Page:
Introduction

The bibliography provides information on writings dealing with the history of rape, including sexual child abuse, sexual harassment, sexual molestation, child prostitution, forced prostitution, sexual slavery, sexual(ized) violence. The blog informs about calls for papers, forthcoming events and new literature in this field.

January 8, 2010

THESIS: Airey, Jennifer L. "I would have kill'd myself with a knife": Sexual Violence, Courtroom Broadside, and the Restoration Stage.

Dissertation, Boston University, 2009, 248pp.

Abstract: "My dissertation proposes a new context for reading dramatic depictions of sexual violence on the Restoration stage by examining the intersection of scandal, drama, and the legal process. Representations of rape expose the symbiotic relationship between the playhouse and the scandal sheet; scandal sheets draw upon dramatic conventions to increase their popular appeal, creating a fusion of proto-journalism and playwriting. Restoration plays simultaneously responded to and co-opted the sexually violent language of the broadsides as part of a larger cultural debate about the nature of theater and politics. In both genres, rape functions as a rhetorical device that encodes pervasive fears about illicit circulation and cultural contamination.
By reconstructing the deposition process preserved in archival records of late seventeenth-century sexual assaults, I argue that the testimony of victims was shaped by the expectations of the individual clerk and by a series of required questions. Scandal sheets, by contrast, were shaped by dramatic conventions, and playwrights drew in turn on the language of those broadsides. In The Country Wife and The Plain Dealer, discussed in Chapter One, William Wycherley utilizes the sexually violent language of popular pamphlets to discredit the most hysterical antitheatrical pronouncements of his puritanical critics. In the Earl of Rochester's Tragedy of Valentinian (Chapter Two), rape is a dramatic myth and rhetorical tool; by harnessing the political power of the myth of Lucrece, Lucina effects political change. Nathaniel Lee's Lucius Junius Brutus (Chapter Three) employs the political rhetoric of the scandal sheets to reveal a wider discomfort with the nature of sexual and political circulation. And in Edward Ravenscroft's adaptation of Shakespeare's Titus Andronicus (Chapter Four), the act of rape blends with the images of cannibalism and miscegenation to construct a powerful critique of James II's Catholicism. My final chapter returns to the culture of legal voyeurism and examines the theatricalization of scandal narrative in late-century renderings of the trial of Lord Castlehaven in 1631. I conclude by looking forward to Frederick, Lord Baltimore's trial in 1768, popular depictions of which drew on the literary tropes of Richardson's Pamela."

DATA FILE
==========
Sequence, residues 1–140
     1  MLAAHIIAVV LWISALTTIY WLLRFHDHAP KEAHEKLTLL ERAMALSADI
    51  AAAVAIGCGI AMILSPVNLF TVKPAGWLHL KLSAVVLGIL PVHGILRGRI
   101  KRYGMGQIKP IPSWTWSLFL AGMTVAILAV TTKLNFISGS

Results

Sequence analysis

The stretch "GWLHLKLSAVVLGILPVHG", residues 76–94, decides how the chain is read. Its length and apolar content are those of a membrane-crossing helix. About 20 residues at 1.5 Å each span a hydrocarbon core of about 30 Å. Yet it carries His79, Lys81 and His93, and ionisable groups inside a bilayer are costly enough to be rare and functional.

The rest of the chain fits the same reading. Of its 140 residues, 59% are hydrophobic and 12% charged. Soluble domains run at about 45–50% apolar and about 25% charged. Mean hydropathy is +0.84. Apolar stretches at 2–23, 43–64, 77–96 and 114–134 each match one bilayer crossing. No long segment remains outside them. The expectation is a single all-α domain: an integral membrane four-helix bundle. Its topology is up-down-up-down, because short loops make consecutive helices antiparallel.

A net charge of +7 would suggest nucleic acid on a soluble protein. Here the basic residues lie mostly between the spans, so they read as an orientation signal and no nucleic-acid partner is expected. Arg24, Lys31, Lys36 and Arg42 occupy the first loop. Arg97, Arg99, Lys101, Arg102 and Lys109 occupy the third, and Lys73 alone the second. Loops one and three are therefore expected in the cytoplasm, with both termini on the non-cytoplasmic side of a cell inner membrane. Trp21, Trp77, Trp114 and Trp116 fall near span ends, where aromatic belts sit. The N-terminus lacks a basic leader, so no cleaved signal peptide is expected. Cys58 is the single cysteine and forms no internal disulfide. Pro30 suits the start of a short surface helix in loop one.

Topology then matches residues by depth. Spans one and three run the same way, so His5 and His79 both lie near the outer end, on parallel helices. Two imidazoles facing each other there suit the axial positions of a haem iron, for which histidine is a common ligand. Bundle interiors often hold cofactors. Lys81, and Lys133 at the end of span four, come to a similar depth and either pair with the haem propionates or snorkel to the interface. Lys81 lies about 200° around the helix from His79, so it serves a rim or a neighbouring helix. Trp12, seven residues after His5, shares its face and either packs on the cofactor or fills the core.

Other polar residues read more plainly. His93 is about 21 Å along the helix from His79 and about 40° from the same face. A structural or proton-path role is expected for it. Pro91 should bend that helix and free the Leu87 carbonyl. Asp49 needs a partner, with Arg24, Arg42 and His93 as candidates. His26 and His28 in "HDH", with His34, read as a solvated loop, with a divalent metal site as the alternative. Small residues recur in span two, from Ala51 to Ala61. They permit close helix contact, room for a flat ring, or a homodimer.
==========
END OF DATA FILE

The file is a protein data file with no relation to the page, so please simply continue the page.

Full Text: ProQuest. [Limited preview.]